Posted on: 29 March 2016
Being a successful salon owner is no easy task. You may well have years of experience with cosmetic techniques such as facials, makeup application, and hair tinting, but if you can't create a salon atmosphere that is appealing, you are unlikely to pull in a lot of dollar. Yes, you will have to invest in appropriate salon furniture and beautiful interior design, but something that is too often overlooked is the lighting within a salon. Salon lighting is especially important because it will light up your salon functionally so your staff can perform the treatments, but it will also set a mood within the salon, which is just as important.
Getting these two things to work together is easier said than done, and you'll need to lean on the talents of a skilled lighting designer and electrician to realise your ambitions for your salon. Here are a few things to keep in mind:
Warm lighting tone is important. Think about the way you look in a dressing room with stark lighting. You want to run out of the dressing room there and then. Stark lighting that replicates the light of a sunny afternoon simply isn't flattering and it's best to find commercial LED lighting that is warmer in tone. Before you settle on a particular set of bulbs, it's a good idea to educate yourself about the Kelvin scale. To create a warm and cosy atmosphere, opt for bulbs that are below 3000 on this scale.
Lighting should render colour accurately. If you are working with colour at all in your salon, with things like hair tinting and colouring or applying makeup, it's beyond important to have lighting that reflects the true colours of the pigments and dyes you are using, as well as the true colour of a person's hair or skin tone. If you have ever applied makeup at home and then discovered you look like a clown when you leave the house, this is more than likely a reflection of your poor lighting rather than your makeup skills. To know whether your LED lights render colour well, you'll need to consult the Colour Rendering Index (CRI). A high CRI number equals better colour rendering.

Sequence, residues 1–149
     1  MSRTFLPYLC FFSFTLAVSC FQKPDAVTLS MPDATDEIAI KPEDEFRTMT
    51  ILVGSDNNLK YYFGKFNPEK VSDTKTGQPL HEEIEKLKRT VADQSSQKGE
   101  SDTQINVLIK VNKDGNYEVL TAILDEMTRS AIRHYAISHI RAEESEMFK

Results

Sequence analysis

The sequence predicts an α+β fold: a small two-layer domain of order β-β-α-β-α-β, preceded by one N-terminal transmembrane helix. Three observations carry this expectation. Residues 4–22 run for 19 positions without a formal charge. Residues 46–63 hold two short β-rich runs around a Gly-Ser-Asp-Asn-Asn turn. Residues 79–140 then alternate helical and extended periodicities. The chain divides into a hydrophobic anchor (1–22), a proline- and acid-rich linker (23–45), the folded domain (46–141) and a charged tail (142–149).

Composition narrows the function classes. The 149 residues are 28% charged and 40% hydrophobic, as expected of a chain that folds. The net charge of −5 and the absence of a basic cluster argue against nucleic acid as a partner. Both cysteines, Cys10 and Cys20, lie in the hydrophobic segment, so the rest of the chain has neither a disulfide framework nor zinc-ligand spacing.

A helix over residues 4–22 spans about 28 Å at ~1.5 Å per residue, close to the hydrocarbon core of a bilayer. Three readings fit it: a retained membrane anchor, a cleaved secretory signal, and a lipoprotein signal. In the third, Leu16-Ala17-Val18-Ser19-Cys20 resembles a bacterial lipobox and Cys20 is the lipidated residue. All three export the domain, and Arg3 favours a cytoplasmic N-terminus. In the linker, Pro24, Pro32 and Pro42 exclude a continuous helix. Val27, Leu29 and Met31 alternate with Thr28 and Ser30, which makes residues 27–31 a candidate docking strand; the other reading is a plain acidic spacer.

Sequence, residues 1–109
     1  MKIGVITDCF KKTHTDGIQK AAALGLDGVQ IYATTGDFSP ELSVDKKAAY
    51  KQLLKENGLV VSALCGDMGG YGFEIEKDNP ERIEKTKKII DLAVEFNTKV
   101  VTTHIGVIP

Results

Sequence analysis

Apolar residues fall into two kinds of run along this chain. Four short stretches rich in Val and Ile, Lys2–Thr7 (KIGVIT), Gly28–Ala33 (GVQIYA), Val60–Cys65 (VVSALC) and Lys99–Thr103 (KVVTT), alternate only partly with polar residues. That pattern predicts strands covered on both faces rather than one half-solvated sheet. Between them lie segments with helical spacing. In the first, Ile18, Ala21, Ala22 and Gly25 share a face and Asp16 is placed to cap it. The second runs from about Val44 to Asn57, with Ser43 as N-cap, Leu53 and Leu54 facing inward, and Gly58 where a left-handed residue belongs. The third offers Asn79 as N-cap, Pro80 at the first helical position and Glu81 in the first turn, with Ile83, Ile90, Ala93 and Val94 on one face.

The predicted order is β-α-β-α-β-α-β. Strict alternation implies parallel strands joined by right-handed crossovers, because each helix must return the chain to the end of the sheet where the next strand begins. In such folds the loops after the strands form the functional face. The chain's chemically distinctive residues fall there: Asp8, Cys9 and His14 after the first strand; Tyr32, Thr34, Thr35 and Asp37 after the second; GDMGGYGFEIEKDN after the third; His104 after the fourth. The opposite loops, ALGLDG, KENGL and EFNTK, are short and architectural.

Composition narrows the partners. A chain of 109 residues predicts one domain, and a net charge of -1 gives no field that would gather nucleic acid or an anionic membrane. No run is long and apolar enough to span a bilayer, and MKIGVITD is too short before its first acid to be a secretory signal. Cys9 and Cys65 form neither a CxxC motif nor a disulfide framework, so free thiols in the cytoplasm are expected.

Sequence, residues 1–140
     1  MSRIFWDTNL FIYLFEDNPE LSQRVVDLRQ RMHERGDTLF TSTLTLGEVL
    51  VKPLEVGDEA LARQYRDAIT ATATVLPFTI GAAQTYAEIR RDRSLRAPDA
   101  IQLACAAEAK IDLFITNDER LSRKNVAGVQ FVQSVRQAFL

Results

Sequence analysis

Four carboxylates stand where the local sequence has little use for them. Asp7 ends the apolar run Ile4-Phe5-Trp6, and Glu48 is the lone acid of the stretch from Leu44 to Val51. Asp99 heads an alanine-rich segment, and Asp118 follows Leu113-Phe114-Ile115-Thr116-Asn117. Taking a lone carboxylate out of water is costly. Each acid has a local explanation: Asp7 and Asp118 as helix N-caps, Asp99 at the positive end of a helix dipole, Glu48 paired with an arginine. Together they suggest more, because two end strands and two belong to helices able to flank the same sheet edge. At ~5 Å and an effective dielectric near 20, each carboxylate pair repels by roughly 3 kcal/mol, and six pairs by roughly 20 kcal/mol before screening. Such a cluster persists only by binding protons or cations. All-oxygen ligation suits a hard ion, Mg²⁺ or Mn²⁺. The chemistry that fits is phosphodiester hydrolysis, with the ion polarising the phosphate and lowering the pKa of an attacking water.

Eliminate shadows. With light, there is always shadow, but you don't want the shadows to fall on your client's face, because this is unflattering. The key to eliminating these shadows is to have a range of lighting sources. You may want to mount wall lighting at each side of a mirror, above a mirror, and you may want to introduce some gentle overhead lighting as well. With more lighting fixtures, extra lights can actually light up the shadows produced by other light sources. Just remember to layer the commercial LED lights gently because you don't want the client to feel like they are under a spotlight on the stage.